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Astronomers believe they have found proof that Saturn's icy moon Enceladus hosts a deep saltwater ocean. Scientists say that of such an ocean exists, it may be the most likely place in the solar system, rather than on Mars, to find life elsewhere besides Earth.
LOS ANGELES, CA (Catholic Online) - Astronomers studying gravitational measurements of Enceladus say they have found evidence that a deep saltwater ocean may exist under the thick icy surface of Saturn's pearl-white moon.
The measurements were made with the Cassini space probe which has been looping through the Saturn system since 2004. The measurements suggest that a 10km-deep ocean of water exists deep under the ice on Enceladus.
St. Dominic, the patron saint of astronomers.
Gravitational measurements allow scientists to map the interior of planets and moons because different materials of varying densities have an influence on gravity. As the probe swept past the moon on several passes, scientists noticed that it was being slowed or sped up at different times. Measuring this subtle shift in radio waves allowed them to map the interior of the moon.
Scientists also know that water exists on Enceladus because in 2005 they captured jets of water vapor spewing from the moon's south pole.
The jets of water and the gravitational mapping results suggests that an ocean of water may exist beneath the ice, heated by underwater volcanism. The gravitational squeeze exerted on Enceladus as it orbits Saturn keeps the interior of the moon hot which means temperatures beneath the ice are warm enough to allow liquid water to exist.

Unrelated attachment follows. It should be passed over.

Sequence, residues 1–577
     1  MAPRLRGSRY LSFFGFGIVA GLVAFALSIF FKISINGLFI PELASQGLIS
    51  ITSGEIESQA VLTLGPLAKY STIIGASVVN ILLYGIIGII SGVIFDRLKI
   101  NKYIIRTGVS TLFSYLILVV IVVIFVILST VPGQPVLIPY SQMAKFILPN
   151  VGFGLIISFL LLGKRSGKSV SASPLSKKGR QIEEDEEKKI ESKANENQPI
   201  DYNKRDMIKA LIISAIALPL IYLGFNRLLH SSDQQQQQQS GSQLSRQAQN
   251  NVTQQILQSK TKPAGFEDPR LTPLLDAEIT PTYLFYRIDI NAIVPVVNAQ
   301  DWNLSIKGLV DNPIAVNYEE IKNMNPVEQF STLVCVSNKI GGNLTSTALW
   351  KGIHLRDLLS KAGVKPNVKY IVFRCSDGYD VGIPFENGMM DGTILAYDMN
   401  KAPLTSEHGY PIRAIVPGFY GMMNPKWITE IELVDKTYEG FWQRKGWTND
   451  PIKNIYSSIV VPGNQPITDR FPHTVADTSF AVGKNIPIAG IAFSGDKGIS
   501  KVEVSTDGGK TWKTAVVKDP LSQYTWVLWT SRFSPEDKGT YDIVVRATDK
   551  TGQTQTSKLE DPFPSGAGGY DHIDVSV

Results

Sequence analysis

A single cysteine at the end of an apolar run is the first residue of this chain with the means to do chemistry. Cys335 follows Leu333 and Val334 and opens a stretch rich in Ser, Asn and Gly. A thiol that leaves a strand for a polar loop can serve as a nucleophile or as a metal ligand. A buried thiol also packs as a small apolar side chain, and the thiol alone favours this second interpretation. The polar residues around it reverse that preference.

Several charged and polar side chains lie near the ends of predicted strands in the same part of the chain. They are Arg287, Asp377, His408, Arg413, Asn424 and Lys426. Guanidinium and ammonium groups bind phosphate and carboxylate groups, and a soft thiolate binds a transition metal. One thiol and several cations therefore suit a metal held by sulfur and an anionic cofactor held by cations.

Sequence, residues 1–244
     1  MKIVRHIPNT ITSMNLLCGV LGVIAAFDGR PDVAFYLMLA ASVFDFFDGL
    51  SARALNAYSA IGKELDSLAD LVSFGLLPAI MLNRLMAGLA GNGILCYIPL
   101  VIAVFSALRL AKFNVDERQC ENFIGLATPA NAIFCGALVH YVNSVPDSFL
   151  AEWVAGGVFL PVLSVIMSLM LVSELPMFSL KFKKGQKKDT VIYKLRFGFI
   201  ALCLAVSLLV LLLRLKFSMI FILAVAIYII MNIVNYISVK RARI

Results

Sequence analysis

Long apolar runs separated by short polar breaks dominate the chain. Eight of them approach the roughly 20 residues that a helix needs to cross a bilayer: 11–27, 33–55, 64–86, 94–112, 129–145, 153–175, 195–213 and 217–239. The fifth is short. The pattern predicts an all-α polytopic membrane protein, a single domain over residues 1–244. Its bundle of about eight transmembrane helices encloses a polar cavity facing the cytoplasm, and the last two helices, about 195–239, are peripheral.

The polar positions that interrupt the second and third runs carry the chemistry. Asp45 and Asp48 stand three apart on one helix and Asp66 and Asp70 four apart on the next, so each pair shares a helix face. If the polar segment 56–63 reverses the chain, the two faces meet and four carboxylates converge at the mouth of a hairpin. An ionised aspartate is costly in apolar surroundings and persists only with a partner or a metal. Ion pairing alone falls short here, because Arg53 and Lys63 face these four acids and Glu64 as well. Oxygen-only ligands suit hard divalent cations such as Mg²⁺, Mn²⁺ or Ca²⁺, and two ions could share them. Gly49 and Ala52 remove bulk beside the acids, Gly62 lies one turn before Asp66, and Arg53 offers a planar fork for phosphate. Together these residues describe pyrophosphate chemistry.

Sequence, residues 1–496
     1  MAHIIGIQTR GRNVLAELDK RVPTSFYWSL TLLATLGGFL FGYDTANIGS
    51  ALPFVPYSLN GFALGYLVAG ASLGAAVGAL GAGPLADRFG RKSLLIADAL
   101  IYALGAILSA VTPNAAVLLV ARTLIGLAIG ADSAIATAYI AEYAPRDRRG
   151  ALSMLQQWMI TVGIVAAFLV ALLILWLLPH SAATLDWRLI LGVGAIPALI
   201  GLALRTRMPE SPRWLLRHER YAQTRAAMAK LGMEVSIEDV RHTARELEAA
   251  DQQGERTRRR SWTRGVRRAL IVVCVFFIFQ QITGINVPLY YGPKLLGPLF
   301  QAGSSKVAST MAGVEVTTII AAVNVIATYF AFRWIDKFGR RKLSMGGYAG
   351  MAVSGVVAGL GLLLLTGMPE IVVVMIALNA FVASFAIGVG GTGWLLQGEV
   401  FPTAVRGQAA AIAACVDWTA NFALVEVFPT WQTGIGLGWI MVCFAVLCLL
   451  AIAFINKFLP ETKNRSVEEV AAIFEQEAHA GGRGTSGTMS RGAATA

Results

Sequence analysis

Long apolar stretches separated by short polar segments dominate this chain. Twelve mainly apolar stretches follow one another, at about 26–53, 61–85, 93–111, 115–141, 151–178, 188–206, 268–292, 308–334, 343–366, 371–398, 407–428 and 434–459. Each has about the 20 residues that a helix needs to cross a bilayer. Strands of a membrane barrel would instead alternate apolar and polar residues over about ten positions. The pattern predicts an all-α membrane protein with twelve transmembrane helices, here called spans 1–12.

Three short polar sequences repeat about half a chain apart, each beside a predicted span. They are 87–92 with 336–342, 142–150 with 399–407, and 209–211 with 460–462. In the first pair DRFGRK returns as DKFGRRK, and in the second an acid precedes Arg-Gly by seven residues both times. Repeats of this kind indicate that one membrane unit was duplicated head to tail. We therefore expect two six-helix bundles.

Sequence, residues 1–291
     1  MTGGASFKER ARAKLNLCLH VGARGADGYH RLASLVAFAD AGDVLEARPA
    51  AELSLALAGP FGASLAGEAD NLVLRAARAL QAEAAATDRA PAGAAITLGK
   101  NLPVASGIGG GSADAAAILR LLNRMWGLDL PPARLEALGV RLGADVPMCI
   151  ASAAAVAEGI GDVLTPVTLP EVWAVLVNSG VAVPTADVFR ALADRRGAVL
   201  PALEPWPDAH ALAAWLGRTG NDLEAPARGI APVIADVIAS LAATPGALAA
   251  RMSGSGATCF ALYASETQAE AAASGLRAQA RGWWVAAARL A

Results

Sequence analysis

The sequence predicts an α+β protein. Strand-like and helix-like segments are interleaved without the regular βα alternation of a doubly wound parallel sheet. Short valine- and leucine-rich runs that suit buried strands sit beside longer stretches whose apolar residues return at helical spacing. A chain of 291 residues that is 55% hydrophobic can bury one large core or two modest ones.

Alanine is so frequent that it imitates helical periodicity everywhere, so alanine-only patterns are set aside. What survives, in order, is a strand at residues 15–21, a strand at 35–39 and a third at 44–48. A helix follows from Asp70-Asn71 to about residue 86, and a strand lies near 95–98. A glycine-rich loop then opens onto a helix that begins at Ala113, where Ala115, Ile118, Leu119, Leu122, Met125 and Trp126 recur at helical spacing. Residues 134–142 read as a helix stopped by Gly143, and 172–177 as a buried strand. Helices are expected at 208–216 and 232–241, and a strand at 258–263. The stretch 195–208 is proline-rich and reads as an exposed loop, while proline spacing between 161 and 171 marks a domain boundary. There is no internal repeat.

Enceladus joins Europa, the icy moon of Jupiter as another body with liquid water, yet Enceladus has one distinctive feature that Europa lacks, that is the water on Enceladus is rich with organic molecules.
Wherever water exists, there too could be life. Water in the essential medium, so far as biologists know, where life can evolve. Scientists are keen to answer the question of how common - or rare life is in the universe. It is very likely that the ocean on Enceladus is sterile. Yet being rich in organic molecules, the kind thought to be present before life was created on Earth, makes Enceladus the best possible candidate for life within the solar system, aside from Earth itself.
The next step will be to plan a mission to the icy moon. Such planning could easily take a decade or more. Still, the recent discovery moves Enceladus to the front of the pack for priority simply because scientists are very anxious to know.
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